It is important to point out that some of these bad loans and bonds were not directly caused by Middle East wars and oil production but were the result of recent bad decisions by US oil firms.

Probably the worst decision by US shale oil producers was in the spring and summer of 2015 when for some reason they thought increasing the supply of high priced oil would drive down Saudi production of low cost oil and thus raise, or at least maintain the price of petroleum. As Dan Murtaugh wrote in Bloomberg, these actions resulted in what one would more logically expect – Saudi production stayed constant meaning the additional shale oil simply drove oil prices lower.

Producers slashed spending, idling more than 60 percent of the rigs in the U.S. They drilled and fracked faster, meaning fewer rigs and workers could make the same number of wells. They focused on their best areas and used more sand and water in the fracking process so each well gushed with more crude. By April, when the rig count had fallen in half, output was still rising… 

All that effort did was push prices lower and expectations for a price recovery further out into the future. Now shale companies face a grim future, having played most of their best card… 

The problem? Oil’s no longer at $50. It now trades near $35. 

For an industry that already was pushing its cost-cutting efforts to the limits, the new declines are a devastating blow. These drillers are “not set up to survive oil in the $30s,” said R.T. Dukes, a senior upstream analyst for Wood Mackenzie Ltd. in Houston.

The Energy Information Administration now predicts that companies operating in U.S. shale formations will cut production (3) by a record 570,000 barrels a day in 2016. That’s precisely the kind of capitulation that OPEC is seeking as it floods the world with oil, depressing prices and pressuring the world’s high-cost producers. It’s a high-risk strategy, one whose success will ultimately hinge on whether shale drillers drop out before the financial pain within OPEC nations themselves becomes too great (emphasis added). 

“You are going to see a pickup in bankruptcy filings, a pickup in distressed asset sales and a pickup in distressed debt exchanges,” said Jeff Jones, managing director at Blackhill Partners, a Dallas-based investment banking firm. “And $35 oil will clearly accelerate the distress.” (4) READ MORE

By late 2015 the effect of collapsing oil prices on oil industry debt spread beyond the small E&P companies. It expanded to the giants. BP reported a $6 billion loss for 2015 and ExxonMobile reported that their 4th quarter 2015 profit of 2.7 billion was down 50 percent from 2014. Concurrent with the reporting of these losses, the giants also announced the stoppage of many large deep-water projects including the Shell Oil Arctic project that the Obama Administration was counting heavily on for US “energy independence.”

This very large amount of debt incurred by the E&P companies probably comes as a surprise to most people who assume that the shale oil industry is a conservative bootstrap operation that funds new drilling and exploration out of cash-flow. Instead, it is a high-risk, high cost industry that uses promises to Wall Street, not current revenue, to fund operations. Specifically, it used the promise of continual high oil prices to convince Wall Street investment houses to float low-yield bonds backed by $100/barrel prices. Using this approach, the E&Ps were able to increase high-cost US oil production by nearly 3 million barrels/day over a few years to achieve 9 million barrels/day.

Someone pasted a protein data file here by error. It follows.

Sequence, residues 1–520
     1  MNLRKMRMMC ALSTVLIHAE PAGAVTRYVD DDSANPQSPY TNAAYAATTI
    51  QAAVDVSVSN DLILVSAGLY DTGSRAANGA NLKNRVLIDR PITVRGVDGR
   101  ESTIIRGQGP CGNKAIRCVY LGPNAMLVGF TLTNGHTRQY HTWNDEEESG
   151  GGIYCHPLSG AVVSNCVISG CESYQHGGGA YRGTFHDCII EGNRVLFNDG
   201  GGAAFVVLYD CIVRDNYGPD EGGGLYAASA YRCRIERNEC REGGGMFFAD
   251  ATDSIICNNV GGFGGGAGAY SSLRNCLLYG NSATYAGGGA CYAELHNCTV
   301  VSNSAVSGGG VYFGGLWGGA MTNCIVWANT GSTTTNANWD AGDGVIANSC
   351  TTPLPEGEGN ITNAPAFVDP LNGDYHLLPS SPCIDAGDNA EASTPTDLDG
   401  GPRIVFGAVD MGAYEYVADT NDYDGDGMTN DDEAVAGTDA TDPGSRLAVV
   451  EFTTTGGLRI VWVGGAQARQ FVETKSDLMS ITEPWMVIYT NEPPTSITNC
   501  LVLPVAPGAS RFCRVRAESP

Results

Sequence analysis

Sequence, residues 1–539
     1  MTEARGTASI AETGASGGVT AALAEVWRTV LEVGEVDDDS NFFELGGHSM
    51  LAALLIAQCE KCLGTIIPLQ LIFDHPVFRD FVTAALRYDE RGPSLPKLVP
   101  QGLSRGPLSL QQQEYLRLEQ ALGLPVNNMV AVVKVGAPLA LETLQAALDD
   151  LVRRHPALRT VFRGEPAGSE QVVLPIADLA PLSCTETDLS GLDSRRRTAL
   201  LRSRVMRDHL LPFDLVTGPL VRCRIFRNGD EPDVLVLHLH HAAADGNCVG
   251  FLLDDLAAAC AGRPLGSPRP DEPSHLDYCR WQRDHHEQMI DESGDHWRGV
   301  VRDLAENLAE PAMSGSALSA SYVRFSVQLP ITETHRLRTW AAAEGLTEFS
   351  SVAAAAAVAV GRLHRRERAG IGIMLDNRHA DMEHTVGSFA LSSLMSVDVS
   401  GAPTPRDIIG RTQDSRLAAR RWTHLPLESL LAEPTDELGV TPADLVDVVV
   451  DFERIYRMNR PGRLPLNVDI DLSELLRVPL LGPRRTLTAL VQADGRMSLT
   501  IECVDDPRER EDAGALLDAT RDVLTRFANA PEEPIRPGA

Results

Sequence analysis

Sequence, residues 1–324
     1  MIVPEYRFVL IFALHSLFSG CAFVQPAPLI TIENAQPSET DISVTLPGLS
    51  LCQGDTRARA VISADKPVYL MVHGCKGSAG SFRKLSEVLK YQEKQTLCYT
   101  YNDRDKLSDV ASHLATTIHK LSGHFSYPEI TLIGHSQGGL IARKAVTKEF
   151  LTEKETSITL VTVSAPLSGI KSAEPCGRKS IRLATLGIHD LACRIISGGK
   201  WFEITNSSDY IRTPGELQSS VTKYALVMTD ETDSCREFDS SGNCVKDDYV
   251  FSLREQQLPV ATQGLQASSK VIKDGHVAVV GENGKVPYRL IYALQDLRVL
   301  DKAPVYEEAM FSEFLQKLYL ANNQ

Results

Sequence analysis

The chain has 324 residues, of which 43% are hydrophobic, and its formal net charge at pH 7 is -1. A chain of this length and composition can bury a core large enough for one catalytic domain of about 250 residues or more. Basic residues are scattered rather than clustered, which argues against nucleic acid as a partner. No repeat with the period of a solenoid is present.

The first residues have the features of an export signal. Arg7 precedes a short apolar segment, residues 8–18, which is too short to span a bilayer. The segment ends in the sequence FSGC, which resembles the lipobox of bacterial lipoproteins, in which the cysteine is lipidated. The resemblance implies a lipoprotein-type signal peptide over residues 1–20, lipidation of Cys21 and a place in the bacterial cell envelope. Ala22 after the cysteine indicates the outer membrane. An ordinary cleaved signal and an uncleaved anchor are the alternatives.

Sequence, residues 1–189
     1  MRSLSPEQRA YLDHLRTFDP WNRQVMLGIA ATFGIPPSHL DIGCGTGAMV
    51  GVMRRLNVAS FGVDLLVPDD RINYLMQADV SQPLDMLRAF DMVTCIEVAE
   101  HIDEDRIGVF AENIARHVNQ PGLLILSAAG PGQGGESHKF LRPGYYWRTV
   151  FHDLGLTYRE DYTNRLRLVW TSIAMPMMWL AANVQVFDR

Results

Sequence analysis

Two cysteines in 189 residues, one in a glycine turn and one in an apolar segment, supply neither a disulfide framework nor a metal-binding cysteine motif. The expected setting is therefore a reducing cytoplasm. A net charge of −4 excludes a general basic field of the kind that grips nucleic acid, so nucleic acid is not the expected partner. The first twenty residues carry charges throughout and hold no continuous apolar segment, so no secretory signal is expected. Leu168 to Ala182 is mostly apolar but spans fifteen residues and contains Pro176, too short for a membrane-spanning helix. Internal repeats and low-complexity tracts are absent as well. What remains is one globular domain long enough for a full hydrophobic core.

The Obama Administration did nothing to consider how this oil boom would affect world prices. Instead, they trumpeted how the US was awash in oil and fracked shale oil was going to change the geo-political balance of energy production while also keeping high cost shale oil profitable.

Unfortunately for the drillers, the bond sellers, and the US government, nobody bothered to look at falling oil demand in China, the US and Europe in 2014, while lower cost oil supplies were increasing because production disruptions in Libya were ending.

These same people and the “industry experts” that advised them also did not foresee ISIL selling petroleum at $25/barrel from the oil facilities they had captured in Iraq.

Instead, the conventional wisdom, as exemplified by this quote by Mihaela Carstei, the deputy director of energy and environmental programs for the Atlantic Council, on June 19, 2014, was that ISIL’s capture of refineries meant oil production would decrease and prices would go up.

“The size of the destruction vindicates the International Energy Association’s [in Paris] downgrade last week of Iraqi oil production to half of its previous forecast. A lot of people did not think that downgrade was being very reasonable. The disruption that this seizure is causing the global oil markets confirmed that it was a good downgrading. Without a significant increase, let alone a decrease, in Iraqi oil production, we were going to see prices spiking because of rising global demand. The immediate shock has already happened, but we will see major price impacts down the line. If we do not address the insecurity, we will have major price problems in the future.” (emphasis added) (5) READ MORE